Are you well versed in the Bible?
Respondents to a U.S. Catholic survey on the Bible are confident when it comes to scripture, but even they recommend reading the Good Book with knowledgeable guides to show you around biblical times and places.
The latest fad in The self-help aisle at your local bookstore claims to reveal the centuries-old “secret” that positive thinking leads to the good life: “As you learn The Secret, you will come to know how you can have, be, or do anything you want. . . . You will come to know the true magnificence that awaits you in life.”
These prospects sound nice, especially when you compare it to Jesus’ centuries-old promise: “Blessed are those who are persecuted for righteousness’ sake, for theirs is the kingdom of heaven” (Matt. 5:10). While both passages promise great reward, positive thinking seems a lot easier than persecution. The Beatitudes require that a Christian be poor in spirit, meek, and mournful to receive any reward, but these qualities hardly seem like “the true magnificence” promised by Rhonda Byrne’s The Secret (Atria Books/Beyond Words) in this life.
Still, the Bible remains the ultimate self-help book for respondents to a U.S. Catholic survey on the Good Book. More than 80 percent say Bible reading is an important spiritual practice and 65 percent read it at least once a week. Moreover, 83 percent say they find its stories relevant to their own lives and problems. “The books of the Bible are written by folks who are just like us: same struggles, same doubts, same joys, and same need to love and be loved,” says Jim Sullivan of Seattle, Washington.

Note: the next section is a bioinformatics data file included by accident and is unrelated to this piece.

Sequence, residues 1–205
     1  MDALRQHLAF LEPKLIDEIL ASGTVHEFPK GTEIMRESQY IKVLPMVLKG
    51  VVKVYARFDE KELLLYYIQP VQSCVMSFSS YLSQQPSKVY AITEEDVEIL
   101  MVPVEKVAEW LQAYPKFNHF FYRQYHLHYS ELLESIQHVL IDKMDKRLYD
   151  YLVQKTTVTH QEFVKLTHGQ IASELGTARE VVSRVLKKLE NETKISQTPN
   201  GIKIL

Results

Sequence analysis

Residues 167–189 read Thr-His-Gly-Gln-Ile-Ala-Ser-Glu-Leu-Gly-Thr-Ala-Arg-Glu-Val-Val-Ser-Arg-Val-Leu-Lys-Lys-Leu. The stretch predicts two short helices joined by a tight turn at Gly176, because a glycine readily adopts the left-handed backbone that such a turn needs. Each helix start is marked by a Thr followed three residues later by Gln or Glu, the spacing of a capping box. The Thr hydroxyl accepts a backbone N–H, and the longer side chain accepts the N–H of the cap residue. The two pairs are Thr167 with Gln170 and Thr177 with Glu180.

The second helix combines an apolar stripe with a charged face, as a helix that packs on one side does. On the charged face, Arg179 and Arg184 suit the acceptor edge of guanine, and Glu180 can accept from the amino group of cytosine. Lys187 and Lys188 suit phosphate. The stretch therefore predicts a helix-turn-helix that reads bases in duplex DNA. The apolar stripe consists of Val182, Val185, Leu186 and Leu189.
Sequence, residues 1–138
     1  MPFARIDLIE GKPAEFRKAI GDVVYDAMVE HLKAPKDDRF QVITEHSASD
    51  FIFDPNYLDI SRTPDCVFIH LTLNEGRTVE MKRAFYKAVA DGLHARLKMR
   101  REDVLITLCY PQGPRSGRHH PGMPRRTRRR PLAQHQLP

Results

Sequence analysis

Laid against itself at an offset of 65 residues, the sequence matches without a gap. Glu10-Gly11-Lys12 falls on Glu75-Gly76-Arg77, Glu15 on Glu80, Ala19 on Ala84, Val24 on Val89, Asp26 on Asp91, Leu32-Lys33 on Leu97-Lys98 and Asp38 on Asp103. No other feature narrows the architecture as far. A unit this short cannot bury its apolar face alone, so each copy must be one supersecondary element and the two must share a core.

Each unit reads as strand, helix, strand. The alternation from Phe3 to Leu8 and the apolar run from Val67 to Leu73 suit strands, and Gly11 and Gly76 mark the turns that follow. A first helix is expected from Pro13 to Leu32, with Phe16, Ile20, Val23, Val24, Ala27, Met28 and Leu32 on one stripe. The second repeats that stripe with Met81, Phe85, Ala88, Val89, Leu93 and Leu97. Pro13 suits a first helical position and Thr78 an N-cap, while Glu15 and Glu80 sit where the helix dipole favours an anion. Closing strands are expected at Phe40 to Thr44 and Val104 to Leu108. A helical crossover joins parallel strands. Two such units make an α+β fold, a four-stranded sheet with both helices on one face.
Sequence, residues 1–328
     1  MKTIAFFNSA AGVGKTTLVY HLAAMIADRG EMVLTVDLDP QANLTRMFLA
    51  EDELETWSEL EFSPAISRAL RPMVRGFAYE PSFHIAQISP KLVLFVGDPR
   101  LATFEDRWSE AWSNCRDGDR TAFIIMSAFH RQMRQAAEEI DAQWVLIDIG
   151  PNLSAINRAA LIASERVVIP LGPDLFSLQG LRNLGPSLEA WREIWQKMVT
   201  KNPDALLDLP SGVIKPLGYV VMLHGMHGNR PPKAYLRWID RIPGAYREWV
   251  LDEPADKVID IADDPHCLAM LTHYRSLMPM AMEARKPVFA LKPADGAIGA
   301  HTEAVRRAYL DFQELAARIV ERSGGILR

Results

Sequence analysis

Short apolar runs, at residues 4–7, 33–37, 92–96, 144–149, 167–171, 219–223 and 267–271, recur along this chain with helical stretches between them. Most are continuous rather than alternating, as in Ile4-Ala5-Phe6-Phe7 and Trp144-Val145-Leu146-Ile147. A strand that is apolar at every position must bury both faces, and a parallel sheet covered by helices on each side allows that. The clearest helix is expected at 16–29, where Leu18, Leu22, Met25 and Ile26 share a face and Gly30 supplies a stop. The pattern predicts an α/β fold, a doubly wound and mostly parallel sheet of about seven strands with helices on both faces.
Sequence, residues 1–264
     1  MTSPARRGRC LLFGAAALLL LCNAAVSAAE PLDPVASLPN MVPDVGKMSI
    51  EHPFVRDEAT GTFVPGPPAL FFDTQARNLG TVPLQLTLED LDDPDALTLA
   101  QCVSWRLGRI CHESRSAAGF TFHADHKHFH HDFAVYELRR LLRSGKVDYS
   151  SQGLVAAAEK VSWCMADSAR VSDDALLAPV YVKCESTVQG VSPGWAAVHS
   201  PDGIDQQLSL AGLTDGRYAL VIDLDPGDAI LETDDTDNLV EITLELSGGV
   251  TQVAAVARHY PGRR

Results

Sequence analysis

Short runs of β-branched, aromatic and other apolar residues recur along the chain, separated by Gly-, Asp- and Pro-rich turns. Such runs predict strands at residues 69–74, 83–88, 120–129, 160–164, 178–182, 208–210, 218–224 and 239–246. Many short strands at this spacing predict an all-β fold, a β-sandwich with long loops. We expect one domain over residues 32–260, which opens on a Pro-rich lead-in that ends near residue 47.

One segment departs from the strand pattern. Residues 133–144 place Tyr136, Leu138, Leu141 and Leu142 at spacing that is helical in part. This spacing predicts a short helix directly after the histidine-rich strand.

Those who respond to a survey on the Bible likely fall into a self-selected group of Bible enthusiasts, but if the stereotypes are true, the majority of Catholics are not as comfortable picking it up as these survey respondents. Even regular Bible readers report that it can sometimes be gruesome, confusing, and challenging, but they still return to it again and again for study, prayer, and guidance.
Before Bible readers can ask what a story means to them, they must understand it. “Reading without help is too much work,” says Mary Cronin of Shelter Island Heights, New York, who only reads the Bible on special occasions.
Those who don’t read the Bible regularly tend to get caught up in language, long family trees, and difficult names. A reader from Chester, Maryland struggles with “long-winded sentences and hidden meanings.” He says that he doesn’t read the Bible because “I would interpret it incorrectly.”
Even for those who read the Bible every day, Genesis is hard to understand in the light of evolution, parables can seem cryptic, and both the themes and symbolism of the Book of Revelation are frightening. It’s “as if someone on acid wrote parts of it,” a reader from Naperville, Illinois writes of the Bible’s last book.
While other readers relate to these problems, many have found the answer. “It was difficult to understand many parts of the Bible until I got The Catholic Study Bible: New American Bible (Oxford University Press) and joined Bible study groups,” says Mary Smith of Gaithersburg, Maryland. “The more you read, the more rewarding it gets.”